• Cantina Francone. Via Tanaro 45, 12052 Neive. tel. +39 0173 67068, Tastings are available by appointment only; fees vary by the number of wines (waived with minimum purchase; inquire for more details).
  • Custom Wine Tours. If you are planning a Barbaresco and Barolo wine tour, we can help. For more information and to book, click here.

Read More About Barbaresco and Barolo Wine Tours:

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12 replies on “Cantina Francone in Barbaresco: Tradition and Innovation”
  1. says: Penny Sadler

    Touring the winery with Fabrizio was definitely a highlight of my time in Piedmont. I agree with you, I think the winery is very artistic, hence, I like the oval labels. I know you didn’t go into fonts but being an artistic sort myself I did notice and like the more modern, less formal look of the oval label including the font. I also think it compliments well the wines which are easier drinking and don’t require the aging Barbaresco requires. I can’t wait to see which he chooses.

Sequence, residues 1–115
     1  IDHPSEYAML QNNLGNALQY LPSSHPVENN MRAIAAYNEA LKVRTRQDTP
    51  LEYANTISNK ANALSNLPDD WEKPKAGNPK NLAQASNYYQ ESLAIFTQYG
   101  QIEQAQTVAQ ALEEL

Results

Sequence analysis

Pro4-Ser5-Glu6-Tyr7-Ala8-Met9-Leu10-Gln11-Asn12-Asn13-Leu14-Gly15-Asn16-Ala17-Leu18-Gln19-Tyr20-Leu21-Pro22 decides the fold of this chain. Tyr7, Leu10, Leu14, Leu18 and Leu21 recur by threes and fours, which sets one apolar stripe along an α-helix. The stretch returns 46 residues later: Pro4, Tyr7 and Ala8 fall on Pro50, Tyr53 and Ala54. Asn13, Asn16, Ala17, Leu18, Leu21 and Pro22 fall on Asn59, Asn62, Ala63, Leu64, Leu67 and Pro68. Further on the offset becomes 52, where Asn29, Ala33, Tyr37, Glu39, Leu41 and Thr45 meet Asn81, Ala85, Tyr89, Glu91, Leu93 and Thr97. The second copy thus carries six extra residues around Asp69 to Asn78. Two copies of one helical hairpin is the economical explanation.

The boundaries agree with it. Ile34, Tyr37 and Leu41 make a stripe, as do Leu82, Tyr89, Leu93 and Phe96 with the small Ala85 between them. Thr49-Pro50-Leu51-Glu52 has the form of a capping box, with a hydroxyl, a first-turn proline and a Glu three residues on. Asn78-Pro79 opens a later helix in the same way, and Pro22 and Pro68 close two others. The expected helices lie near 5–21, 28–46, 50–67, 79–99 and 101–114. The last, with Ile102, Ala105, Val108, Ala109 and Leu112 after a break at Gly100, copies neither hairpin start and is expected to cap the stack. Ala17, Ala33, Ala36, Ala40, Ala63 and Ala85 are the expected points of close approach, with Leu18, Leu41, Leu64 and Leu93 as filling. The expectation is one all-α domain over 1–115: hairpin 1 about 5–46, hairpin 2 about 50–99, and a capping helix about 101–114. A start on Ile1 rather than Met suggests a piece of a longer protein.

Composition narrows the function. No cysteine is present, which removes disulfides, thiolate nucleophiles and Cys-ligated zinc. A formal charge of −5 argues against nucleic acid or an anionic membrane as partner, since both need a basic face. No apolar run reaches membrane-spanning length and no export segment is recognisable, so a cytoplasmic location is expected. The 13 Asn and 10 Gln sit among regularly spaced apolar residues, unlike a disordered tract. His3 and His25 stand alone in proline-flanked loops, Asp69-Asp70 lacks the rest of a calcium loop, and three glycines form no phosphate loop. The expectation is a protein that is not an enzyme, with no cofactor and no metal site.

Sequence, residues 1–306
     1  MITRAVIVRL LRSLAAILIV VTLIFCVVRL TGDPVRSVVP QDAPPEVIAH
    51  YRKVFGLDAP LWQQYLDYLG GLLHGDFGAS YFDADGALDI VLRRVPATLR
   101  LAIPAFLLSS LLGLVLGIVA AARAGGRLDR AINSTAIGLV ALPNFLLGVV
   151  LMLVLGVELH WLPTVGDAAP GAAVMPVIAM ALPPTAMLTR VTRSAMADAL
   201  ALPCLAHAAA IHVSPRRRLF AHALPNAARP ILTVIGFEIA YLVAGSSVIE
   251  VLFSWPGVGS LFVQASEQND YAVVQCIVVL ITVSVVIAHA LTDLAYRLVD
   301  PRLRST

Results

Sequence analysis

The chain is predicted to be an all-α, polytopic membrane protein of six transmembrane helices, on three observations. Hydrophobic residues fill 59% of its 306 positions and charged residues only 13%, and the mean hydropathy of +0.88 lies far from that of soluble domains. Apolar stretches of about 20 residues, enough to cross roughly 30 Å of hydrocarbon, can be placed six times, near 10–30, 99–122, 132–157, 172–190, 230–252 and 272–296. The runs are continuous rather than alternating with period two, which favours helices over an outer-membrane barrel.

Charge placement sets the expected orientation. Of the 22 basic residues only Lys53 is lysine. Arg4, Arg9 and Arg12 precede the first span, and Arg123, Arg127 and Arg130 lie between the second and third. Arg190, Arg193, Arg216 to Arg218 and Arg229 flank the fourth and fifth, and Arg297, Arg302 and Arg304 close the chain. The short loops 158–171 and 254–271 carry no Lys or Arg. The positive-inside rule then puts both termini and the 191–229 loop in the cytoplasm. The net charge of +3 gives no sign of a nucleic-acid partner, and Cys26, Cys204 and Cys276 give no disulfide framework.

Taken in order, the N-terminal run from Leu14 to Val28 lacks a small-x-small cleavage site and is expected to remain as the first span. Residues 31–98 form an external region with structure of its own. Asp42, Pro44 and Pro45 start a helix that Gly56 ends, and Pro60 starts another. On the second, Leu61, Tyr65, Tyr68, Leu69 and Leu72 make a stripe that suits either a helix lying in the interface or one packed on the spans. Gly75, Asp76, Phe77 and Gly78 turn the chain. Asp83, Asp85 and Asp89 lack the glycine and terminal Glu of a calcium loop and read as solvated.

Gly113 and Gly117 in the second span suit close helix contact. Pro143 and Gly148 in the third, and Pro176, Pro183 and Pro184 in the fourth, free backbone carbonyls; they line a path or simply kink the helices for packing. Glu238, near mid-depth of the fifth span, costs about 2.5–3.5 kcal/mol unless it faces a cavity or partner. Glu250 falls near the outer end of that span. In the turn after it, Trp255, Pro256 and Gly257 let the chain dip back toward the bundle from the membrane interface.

1. Grazie Mille, Penny! I didn’t want to go into detail on the fonts and such because I didn’t want to taint opinions.

      They are such great wines! We’ll drink some next time you are in town. Ciao ciao! Val

  2. says: Jeff Holder

    Love Fabrizio and his family. The wines just make it all the better. My wife and I, she is from Genova, we live in Philadelphia, Pa. USA. First visited in 2011 where I proposed. So their winery and friendship will forever hold a special place in our life. As for the new labels. I had mentioned to Fabrizio that maybe to look at using the traditional square but updating the fonts,etc along the vein of the the new oval label shapes. For me being a bit more of a traditionalist I prefer square labels. Plus when making a move to an exisiting brand I think that it is important not to make too many changes to the aesthetic. People tend to fear the large moves to a product they are familiar with. My 2 cents. Love the article, and jealous that you are living there, it remains a pleasant dream for me. Ciao.

    1. Thanks for reading, Jeff! What a lovely story! I agree on big branding changes. It’s definitely a slippery slope. And, it’s rarely something well received by brand loyalists.

      So much to consider! I hope we can meet the next time you are here! A presto, Val

  3. says: Jeff